PETER Perrin recently became a first time author at the age of 73 with a novel called Grace’s Turmoil. The RAF veteran lives with his wife, Ann, in Coleview.

THE average heroine in a modern romance novel is in her twenties.

The heroine of Grace’s Turmoil, a romantic novel set in a retirement community, is in her 60s and her suitor is in his 70s.

Their creator Peter Perrin explained: “I felt – I still feel – that older people, especially when you get to be over 60, are very much written off by people, both in real life and in novels. It’s the one foot in the grave thing, carpet slippers and sitting in front of the telly all day long, waiting for the Grim Reaper.

“I wanted to try and combat that a little bit, as best I could. I know a lot of people at the Coleview Community Centre and places like that who are so full of life. We go there and we’re the youngest people there most of the time.

“They put you to shame with their energy. Their drive for life is just astonishing.

“It’s only virtually since the book was finished that I found out – I deal with a lot of people online all over the world, to do with writing – that I have hit a vein.

“There are people looking for heroines that they can identify with. They’re looking for heroines who have life experience, who’ve been divorced, bereaved, have come through that and found romance again. I thought it would be nice to try and show that.

“The other thing is that relationships between older people are shown as being platonic, a friendship thing.

“The book isn’t raunchy but it’s got enough to show that you can still be in relationships with romance and sex and whatever.”

Peter has an unusual background for an author of romantic fiction.

Originally from Romford in Essex, he is a son of a decorated World War Two veteran who served aboard Lancasters and later worked in various jobs, including as an engineer and bus driver.

Peter himself joined the RAF at 15-and-a-half. He served for almost 15 years as an armourer, including stints in Madagascar, Singapore, Saudi Arabia and during the Aden Emergency, an insurgency in what is now Yemen.

During his military career he worked on weapons ranging from small arms to air-to-air missiles, as well as ejector seats.

His most alarming moment was in Aden, as a bomber was being loaded with weaponry.

“There was one day when we were loading thousand pound bombs and I heard a great thump on the ground. I looked round and a thousand pound bomb had dropped off and landed fairly close to me.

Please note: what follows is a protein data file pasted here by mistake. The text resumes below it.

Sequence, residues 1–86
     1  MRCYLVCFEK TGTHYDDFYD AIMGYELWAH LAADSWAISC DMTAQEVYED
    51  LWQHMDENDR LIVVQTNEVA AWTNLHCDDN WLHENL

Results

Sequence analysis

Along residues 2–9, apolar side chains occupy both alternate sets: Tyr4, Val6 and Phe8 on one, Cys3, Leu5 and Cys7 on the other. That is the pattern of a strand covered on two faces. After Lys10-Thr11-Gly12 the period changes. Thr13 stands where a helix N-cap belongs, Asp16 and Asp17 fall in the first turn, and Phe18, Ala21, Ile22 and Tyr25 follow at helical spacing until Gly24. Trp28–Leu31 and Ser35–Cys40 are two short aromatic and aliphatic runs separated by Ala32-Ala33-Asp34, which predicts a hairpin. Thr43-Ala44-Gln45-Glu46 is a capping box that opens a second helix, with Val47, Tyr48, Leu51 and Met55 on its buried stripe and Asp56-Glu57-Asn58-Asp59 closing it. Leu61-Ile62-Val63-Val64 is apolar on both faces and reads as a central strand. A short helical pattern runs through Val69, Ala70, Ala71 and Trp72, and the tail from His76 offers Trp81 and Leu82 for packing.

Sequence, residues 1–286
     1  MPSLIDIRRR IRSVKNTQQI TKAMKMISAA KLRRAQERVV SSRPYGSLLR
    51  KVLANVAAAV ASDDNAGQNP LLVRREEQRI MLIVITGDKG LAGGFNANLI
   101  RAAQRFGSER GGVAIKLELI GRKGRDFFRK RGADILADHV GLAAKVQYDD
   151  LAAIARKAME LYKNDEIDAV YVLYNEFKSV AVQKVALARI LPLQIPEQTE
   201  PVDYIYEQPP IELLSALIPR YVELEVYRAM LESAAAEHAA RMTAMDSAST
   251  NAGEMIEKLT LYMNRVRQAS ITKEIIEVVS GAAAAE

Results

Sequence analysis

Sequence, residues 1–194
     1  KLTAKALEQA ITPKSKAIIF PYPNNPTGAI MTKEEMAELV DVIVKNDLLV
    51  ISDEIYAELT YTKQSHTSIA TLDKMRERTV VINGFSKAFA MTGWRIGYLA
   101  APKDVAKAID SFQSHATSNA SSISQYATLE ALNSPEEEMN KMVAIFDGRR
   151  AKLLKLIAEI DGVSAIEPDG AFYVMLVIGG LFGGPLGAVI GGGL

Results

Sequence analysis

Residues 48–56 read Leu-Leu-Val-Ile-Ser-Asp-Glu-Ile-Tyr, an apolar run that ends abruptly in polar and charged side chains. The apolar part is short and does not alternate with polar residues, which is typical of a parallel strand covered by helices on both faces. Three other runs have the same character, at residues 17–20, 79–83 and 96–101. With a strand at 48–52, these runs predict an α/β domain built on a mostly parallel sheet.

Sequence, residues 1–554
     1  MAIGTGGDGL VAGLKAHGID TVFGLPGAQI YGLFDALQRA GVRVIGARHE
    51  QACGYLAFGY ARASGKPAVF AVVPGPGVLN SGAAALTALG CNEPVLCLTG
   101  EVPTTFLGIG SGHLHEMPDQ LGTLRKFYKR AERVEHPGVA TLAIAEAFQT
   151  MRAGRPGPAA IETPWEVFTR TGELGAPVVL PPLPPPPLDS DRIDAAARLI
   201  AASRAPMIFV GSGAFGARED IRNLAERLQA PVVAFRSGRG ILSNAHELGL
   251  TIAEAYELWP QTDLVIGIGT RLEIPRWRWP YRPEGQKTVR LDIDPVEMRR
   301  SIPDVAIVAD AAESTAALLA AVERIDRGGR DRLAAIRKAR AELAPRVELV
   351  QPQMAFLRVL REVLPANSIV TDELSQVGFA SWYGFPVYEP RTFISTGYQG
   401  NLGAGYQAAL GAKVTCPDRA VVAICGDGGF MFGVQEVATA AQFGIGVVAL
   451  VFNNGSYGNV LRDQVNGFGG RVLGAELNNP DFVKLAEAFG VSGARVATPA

“I’d helped arm all these, and you can get different time delays and things, and these were set for instantaneous. So I thought, ‘If that was going to go up I’d be dead by now.’ Fortunately, it turned out that they had to drop a certain distance before they became armed.

‘I was quite happy until the guy in charge came running down the aircraft steps, screaming, ‘Run away!’. We did…”

Returning to civilian life, he worked in many jobs, including as a mechanical fitter, in quality control with the Ford Motor Company, and as a quality control chief inspector with another firm.

Peter then spent about 20 years with the Post Office, initially as an electrical fitter and later rising into management. He retired eight years ago.

During his career he gave no thought to becoming a writer.

“When I was first married, I wrote a little bit of poetry, and I also used to write short stories that were just for our children, but that’s got to be over 35 years ago.

“I hadn’t really done anything since then, but out of the blue my granddaughter – she has massive skill in writing – self-published two books on Amazon at the age of 14.

“A lot of people say, ’Oh, I’d like to write a book,’ but I’d never had any thought of doing it. But that made me think, ‘If she’s not too young to write a book, maybe I’m not too old’.”

He is convinced that writing also helps to keep the mind sharp.

“I’d recommend it, even to people who say, ‘Oh, I couldn’t write a book’. Write something, even if it’s only short stories, a poem. And if you can write a book, even if you never dare to get it published, write it. The mental stimulation is amazing.

“I didn’t organise, I didn’t plot stuff out, but I sat down and I interviewed the two characters in my head. I wrote some interview questions and answers as if they were real people. I wrote profiles on them.”

Peter even investigated star signs to discover which ones made his main characters compatible. There were times during the writing process when the characters seemed to take on lives of their own, doing things he hadn’t planned.

“It’s a spooky feeling but it’s quite a thrill.”

A fellow writer recommended an online publisher who offered a contract. Grace’s Turmoil is available both as an e-book at £3.74 and a paperback at £7.48.

It is published by Devine Destinies – – and is available from Amazon.